William Loeffler is a playwright and journalist from Pittsburgh, Pennsylvania. He worked 15 years writing features for the Pittsburgh Tribune-Review. He has also written travel stories based on his trips to all seven continents. He and his wife, Michelle, ran the Boston Marathon in 2009.
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Authorities are looking for a father who reportedly left with his two young children in Cottage Grove Friday morning, June 7, 2019. According to an Amber Alert: The children are Asian females ages 1 and 3. The father, Jeffrey Lo is described as an Asian male, 5 feet 5 inches tall, 180 pounds with brown eyes. The mini van is a tan 2004 Toyota Sierra with Minnesota license plates 708-XEM. Lo allegedly assaulted the mother of his children around 6:34 a.m. in Cottage Grove and left with the two children.
Asked about her success at Math and Science Academy, Samantha Webster credits her parents for letting her blaze her own trail. "I think it's partly that my parents weren't, 'You need to do that,'" she said. "They said 'Do your best.'" Her best is pretty good. Webster, who lives in Maplewood, will attend Truman State University on a four-year Army ROTC scholarship, with a major in chemistry and a minor in forensic science. She'll join her classmates June 7 at the charter school's graduation ceremony.
COTTAGE GROVE — In a letter dated Friday, July 7, 1972, Air Force 1st Lt. William James Crockett wrote to his family in Cottage Grove. While he asked about his green MG sports car and wrote of his eagerness to go fishing at his family’s summer cabin, he also hinted at the perils of flying combat missions in the skies over Vietnam. He served as a navigator on a McDonnell Douglas Phantom II Fighter.
SOUTH WASHINGTON COUNTY — Car show season began last week with a gathering of classic convertibles, coupes and pickups at the Culver's Car Show in Cottage Grove. The club meets Wednesdays in the parking lot between Culver's restaurant and US Bank. It runs 5 p.m. till dark. Dan Spilde of Woodbury talked shop next to his 1957 Chevy Bel Air convertible. "It's my high school car," he said.
A Woodbury High School student has published his biological research paper in a science journal affiliated with Harvard University. Sayuj Saresh, 17, discovered a better way of bonding an enzyme called catalase to calcium alginate. The results appeared March 31 in the Journal of Emerging Investigators, a science journal run by graduate students at Harvard. He is the lead author on the paper, which he wrote with the help of teacher Herb Struss. The journal features the work of middle and high school students.
The bags are piling up at the Cottage Grove home of Emma Malicki. One-gallon Ziplocs bulge with miniature bottles of shampoo, body wash and deodorant, along with toothbrushes and other personal hygiene products. The kits, known as "hygiene bags," will be distributed to homeless veterans. Malicki, 11, began collecting the items through American Legion Post 98 in St. Paul Park, where she volunteers. "It all started because my Grandpa (Daniel Mogren) is a veteran," she said. "That's how I got into doing it."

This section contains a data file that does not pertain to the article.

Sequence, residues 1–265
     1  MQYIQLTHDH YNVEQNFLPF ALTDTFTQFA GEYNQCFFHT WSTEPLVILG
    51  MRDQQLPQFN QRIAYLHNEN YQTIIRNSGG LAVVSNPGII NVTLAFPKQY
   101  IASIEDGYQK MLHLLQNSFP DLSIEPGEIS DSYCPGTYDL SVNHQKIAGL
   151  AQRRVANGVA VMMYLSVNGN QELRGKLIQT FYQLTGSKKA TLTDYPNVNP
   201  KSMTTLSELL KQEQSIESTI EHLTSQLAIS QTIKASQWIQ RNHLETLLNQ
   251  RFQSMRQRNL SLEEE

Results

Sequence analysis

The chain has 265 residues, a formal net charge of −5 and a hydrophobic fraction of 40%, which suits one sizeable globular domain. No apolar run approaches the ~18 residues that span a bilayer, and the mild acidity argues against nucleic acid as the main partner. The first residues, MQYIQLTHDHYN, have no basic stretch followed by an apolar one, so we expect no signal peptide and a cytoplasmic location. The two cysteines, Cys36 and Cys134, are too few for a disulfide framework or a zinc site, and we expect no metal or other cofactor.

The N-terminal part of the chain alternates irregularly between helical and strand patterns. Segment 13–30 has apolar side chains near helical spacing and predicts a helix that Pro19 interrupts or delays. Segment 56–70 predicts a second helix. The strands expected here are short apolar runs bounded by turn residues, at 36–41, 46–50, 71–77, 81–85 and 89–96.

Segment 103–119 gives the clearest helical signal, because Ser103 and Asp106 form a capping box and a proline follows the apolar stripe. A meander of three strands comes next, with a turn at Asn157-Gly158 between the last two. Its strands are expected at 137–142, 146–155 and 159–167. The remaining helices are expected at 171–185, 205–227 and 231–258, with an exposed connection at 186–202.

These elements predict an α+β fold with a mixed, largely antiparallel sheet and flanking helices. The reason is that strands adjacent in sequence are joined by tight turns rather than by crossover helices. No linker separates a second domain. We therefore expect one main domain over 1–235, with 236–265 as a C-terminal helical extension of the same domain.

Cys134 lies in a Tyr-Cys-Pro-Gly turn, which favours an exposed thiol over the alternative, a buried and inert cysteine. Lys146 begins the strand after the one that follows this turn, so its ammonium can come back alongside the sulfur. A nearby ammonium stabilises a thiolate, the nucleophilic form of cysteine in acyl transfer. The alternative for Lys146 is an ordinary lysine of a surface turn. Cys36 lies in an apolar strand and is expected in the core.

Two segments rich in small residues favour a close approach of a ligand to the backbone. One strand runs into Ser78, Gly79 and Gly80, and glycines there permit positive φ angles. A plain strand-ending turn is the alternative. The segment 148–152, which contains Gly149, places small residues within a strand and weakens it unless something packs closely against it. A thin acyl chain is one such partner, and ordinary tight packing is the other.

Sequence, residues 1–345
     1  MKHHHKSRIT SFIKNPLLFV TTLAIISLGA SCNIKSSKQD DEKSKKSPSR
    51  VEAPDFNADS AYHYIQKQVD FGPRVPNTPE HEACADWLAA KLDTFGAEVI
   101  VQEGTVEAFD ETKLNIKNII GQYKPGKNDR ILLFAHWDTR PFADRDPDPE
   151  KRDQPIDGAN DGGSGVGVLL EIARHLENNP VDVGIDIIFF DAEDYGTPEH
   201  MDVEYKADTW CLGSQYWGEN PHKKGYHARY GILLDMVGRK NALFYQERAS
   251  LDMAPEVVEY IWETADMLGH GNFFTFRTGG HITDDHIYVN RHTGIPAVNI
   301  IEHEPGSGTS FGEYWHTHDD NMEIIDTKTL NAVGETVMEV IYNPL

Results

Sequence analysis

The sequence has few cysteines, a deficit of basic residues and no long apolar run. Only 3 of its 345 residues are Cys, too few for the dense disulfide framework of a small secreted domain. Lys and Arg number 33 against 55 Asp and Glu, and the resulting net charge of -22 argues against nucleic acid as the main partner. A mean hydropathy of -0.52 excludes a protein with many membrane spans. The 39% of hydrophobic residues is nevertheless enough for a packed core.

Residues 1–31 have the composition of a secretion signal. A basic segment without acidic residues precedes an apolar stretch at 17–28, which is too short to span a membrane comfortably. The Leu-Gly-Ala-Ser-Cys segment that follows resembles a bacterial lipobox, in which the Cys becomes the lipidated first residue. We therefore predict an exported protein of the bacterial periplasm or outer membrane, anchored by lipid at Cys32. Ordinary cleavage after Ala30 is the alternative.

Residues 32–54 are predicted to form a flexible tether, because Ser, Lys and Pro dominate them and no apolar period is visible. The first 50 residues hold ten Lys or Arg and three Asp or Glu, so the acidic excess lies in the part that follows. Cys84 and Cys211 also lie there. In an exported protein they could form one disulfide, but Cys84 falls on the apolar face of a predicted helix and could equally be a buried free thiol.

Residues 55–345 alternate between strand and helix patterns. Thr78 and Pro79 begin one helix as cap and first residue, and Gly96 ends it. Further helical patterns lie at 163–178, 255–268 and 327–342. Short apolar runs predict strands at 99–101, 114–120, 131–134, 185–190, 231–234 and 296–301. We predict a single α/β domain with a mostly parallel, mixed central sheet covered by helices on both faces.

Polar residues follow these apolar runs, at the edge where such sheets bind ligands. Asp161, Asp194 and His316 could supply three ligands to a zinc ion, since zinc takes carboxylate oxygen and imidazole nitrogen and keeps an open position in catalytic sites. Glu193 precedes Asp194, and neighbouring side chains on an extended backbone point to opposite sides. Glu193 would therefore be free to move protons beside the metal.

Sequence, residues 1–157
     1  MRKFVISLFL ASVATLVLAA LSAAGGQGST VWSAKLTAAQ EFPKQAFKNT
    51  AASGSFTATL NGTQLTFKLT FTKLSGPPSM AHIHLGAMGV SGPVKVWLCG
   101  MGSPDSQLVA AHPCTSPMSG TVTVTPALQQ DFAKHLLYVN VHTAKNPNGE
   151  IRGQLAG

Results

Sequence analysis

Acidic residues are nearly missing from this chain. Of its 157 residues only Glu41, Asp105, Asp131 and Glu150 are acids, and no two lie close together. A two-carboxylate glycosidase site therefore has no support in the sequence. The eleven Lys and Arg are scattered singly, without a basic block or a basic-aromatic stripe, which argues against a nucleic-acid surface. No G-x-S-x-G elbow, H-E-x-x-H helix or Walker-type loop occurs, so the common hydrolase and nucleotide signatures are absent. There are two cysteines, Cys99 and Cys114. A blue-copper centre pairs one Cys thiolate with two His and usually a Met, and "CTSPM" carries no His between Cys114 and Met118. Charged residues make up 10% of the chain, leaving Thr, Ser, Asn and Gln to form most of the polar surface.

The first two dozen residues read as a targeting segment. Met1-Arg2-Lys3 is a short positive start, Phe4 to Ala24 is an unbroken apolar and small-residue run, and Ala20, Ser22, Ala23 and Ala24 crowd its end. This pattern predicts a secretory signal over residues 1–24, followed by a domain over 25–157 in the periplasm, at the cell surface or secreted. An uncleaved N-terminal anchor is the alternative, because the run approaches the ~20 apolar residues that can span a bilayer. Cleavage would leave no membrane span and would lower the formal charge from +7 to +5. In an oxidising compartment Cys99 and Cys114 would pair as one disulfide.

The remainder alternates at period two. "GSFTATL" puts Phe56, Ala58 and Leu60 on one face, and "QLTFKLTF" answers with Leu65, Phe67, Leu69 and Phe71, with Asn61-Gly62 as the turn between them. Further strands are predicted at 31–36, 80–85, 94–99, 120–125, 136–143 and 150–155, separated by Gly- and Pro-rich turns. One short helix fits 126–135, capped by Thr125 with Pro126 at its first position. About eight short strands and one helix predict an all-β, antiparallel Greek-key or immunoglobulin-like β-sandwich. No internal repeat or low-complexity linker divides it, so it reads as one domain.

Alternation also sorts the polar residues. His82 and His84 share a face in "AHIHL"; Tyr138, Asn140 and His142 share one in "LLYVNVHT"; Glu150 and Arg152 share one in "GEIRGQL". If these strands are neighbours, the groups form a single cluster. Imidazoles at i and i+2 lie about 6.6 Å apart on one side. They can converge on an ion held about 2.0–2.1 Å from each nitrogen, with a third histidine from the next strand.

COTTAGE GROVE — She posted a Minnesota welcome to Michelle Obama — not on social media, but with an honest-to-goodness poster on the garage of her Cottage Grove home.
Got snacks? Many kids don't. First-world problem, some might say. Three girls in Woodbury Scout Troop 55128 discovered otherwise. "Kids are given breakfasts and lunches, but there's a time in between that they don't have food and they're hungry," said Girl Scout Lila Youngdahl, a ninth-grader at East Ridge High School. "In elementary schools, there's a designated time for snacks and sometimes when they don't have snacks, they feel left out."
ST. PAUL — A new market could emerge for Minnesota's licensed hemp farmers. A bipartisan legislation introduced Feb. 18 in the state Senate would allow hemp farmers to sell their product to in-state medical cannabis manufacturers. Sen. Karla Bigham, DFL-Cottage Grove, who co-authored the bill, said it would give local growers another source for their product, which typically is used in food, clothing and rope.
COTTAGE GROVE — The good news: technology is making firefighter protective clothing more lightweight, breathable and effective. The bad news: it's not cheap. Consider a recent donation of 57 protective hoods to the Cottage Grove Fire Department by the city's public safety board. In an unusual move, the board footed the entire $5,800 cost. Fire Chief Rick Redenius, who initially requested around $1,000, isn't arguing.